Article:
AFL National Women's League

Wednesday 29 March 2017

 

AFL NATIONAL WOMEN'S LEAGUE       

 

Adjourned debate on motion of Hon. T.T. Ngo:

         That this council—

  1. Congratulates the AFL for establishing the National Women's League;
  2. Wishes the players all the best for the inaugural 2017 season; and
  3. Recognises the important role that providing elite sporting pathways for women plays to encourage

girls to participate in sport.

 

The Hon. T.A. FRANKS (18:13):  I rise to support the motion of the Hon. Tung Ngo and commend him for bringing it to this place. Indeed, over the weekend, we reached a milestone in Australian sporting history. For the first time, we had two women's teams competing in an AFL grand final. It was a close game and the Crows stepped up to the challenge and won by six points against the Brisbane Lions—Adelaide 4.11 (35) to Brisbane 4.5 (29)—at the Gold Coast stadium.

 Footy allegiances aside, you cannot deny that these mighty young women from the Brisbane Lions, Carlton, Collingwood, Fremantle, Giants, Melbourne and the Western Bulldogs have paved the way for girls in Australia who have a real desire to pursue a professional football career. The first AFL women's game was moved from Olympic Park because the game was tipped to be bigger in terms of a crowd than 7,000 people, and that tip was right. The match between Carlton and Collingwood saw hundreds of fans lining up outside as more than 24,000 sat or stood anywhere they could inside to witness that historic match. The TV ratings have also reflected that this is a game whose time has come with almost one million viewers tuning in, proving that not only is professional football something that women want to play, it is something that Australians want to watch.

 Crows board member Kate Gould has pointed out that girls used to stop playing football by the age of 12 because that was when the AFL Auskick ended. Adelaide star Erin Phillips has said, 'I was 13 years old and I was told I wasn't allowed to play footy anymore with the boys.' Last night, she was the first woman to win the AFL's best and fairest award—what an inspiration! Here now in 2017, she and her teammates have proven that girls can play not just past 12 but go on to become legends of football and solid role models not just for girls but for boys, men and women alike.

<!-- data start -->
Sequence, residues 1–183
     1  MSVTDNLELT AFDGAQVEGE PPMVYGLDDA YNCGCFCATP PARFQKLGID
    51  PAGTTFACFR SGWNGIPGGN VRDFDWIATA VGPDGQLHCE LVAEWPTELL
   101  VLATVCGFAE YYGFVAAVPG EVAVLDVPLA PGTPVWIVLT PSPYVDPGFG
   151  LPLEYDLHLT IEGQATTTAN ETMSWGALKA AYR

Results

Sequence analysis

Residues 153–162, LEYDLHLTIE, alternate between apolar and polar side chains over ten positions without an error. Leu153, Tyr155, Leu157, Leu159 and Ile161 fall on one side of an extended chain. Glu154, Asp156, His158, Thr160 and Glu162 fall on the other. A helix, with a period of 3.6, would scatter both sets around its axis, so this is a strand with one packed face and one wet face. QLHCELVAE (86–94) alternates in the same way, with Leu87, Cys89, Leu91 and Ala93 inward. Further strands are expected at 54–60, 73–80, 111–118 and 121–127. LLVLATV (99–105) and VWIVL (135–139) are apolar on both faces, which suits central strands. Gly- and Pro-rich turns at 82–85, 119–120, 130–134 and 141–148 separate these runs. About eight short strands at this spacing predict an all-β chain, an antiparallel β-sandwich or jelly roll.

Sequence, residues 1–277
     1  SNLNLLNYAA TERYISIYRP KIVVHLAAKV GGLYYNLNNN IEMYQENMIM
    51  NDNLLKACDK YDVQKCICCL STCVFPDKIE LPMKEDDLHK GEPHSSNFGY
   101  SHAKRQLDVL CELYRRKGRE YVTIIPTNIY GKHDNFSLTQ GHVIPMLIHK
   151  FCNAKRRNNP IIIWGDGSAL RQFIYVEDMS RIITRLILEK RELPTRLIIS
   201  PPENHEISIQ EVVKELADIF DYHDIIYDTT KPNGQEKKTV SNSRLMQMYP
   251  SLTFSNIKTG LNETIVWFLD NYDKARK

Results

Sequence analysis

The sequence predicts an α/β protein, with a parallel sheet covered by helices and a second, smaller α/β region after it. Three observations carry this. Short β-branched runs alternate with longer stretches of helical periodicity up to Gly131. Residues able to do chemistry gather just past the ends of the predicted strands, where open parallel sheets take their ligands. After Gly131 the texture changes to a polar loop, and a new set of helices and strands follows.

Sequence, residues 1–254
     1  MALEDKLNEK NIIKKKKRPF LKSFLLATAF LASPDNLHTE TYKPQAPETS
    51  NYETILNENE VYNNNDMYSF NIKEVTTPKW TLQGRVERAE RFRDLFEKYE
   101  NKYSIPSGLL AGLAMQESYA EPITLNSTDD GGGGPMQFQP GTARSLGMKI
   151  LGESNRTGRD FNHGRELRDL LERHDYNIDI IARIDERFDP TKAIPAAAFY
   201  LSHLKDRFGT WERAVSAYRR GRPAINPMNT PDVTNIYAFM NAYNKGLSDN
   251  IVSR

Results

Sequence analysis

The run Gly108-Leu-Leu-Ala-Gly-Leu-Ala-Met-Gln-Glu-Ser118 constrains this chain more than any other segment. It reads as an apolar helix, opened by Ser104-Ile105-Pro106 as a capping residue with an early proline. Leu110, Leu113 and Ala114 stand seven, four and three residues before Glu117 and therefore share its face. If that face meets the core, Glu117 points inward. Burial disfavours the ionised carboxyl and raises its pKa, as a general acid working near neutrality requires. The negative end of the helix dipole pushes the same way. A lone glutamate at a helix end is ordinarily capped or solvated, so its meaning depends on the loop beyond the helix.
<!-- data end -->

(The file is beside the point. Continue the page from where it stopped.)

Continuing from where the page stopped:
Icons of the until now male-dominated game, including commentator and formerly further involved Graham Cornes, were somewhat sceptical about how women's football would go. I, like many others in this place and no doubt in the community, remember his opinion piece, when he seemed to be worried that women's breasts might get in the way. How ridiculous! To paraphrase the fantastic Erin Brockovich, they are called boobs, Graham, and they did not get in the way of the great Erin Phillips as she led her team to victory on the weekend.

 Mr Cornes continued in his op-ed that women players 'can't fill their heads with a false expectation that they can become professional footballers'. Yes, they can, Cornesy, and yes, they did on the weekend. Mr Cornes, unlike the girls now, has been left behind. They are now on an even playing field, and we can look forward to seeing women in the AFL Hall of Fame as we can look forward to seeing positive change in the culture of Australia's most loved and indeed my most loved game. I hope we see that into the future, whether or not their boobs are supposedly getting in the way.

            Before the first game, the AFL's first female premiership coach, Adelaide's own Bec

Goddard, said, 'After 32 years as a player, umpire and coach, I never thought this day would come.' The day came and Bec's team won, and what a beautiful moment it was to pull out The Advertiser's souvenir grand final poster today with the all-star female line-up.

 All these milestones I think change the way we see society and change the way girls see society. I remember girls of my daughter's age crying when Julia Gillard was no longer prime minister, because they had not realised that a man could be prime minister. I think the day has come when we will see those historic constraints placed upon women and girls forgotten and consigned to the dustbin of history where they belong. With that, I commend this motion, and I look forward to many more seasons of women's football, no matter who your team is.

 The Hon. T.T. NGO (18:18):  I would like to thank the Hon. Terry Stephens and the Hon. Tammy Franks for their contributions. I would also like to congratulate the Adelaide Crows women's team for winning the first AFL women's premiership. No-one gave them a chance before the season started. As the Hon. Terry Stephens said, many pundits predicted that the Crows would finish last; however, the Port Adelaide Football Club lent Erin Phillips to the Crows to help them move from predicted bottom to top and eventually win the cup.

 Once again, I would like to congratulate Erin for winning the best-on-ground medal and all the other awards she has won since then. I also predict that she will end up winning the Crows' best and fairest award tonight as well. With that, thanks everyone, and I commend the motion to the chamber.

  Motion carried.

 

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